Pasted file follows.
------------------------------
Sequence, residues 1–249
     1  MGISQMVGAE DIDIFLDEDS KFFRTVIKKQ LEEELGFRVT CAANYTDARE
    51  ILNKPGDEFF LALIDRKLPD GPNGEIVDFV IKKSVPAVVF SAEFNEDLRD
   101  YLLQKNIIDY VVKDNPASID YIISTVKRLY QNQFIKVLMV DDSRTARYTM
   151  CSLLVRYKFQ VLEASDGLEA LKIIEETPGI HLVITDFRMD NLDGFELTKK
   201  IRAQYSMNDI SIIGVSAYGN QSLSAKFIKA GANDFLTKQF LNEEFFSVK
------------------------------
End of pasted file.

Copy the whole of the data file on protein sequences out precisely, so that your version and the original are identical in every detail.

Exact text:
Sequence, residues 1–249
     1  MGISQMVGAE DIDIFLDEDS KFFRTVIKKQ LEEELGFRVT CAANYTDARE
    51  ILNKPGDEFF LALIDRKLPD GPNGEIVDFV IKKSVPAVVF SAEFNEDLRD
   101  YLLQKNIIDY VVKDNPASID YIISTVKRLY QNQFIKVLMV DDSRTARYTM
   151  CSLLVRYKFQ VLEASDGLEA LKIIEETPGI HLVITDFRMD NLDGFELTKK
   201  IRAQYSMNDI SIIGVSAYGN QSLSAKFIKA GANDFLTKQF LNEEFFSVK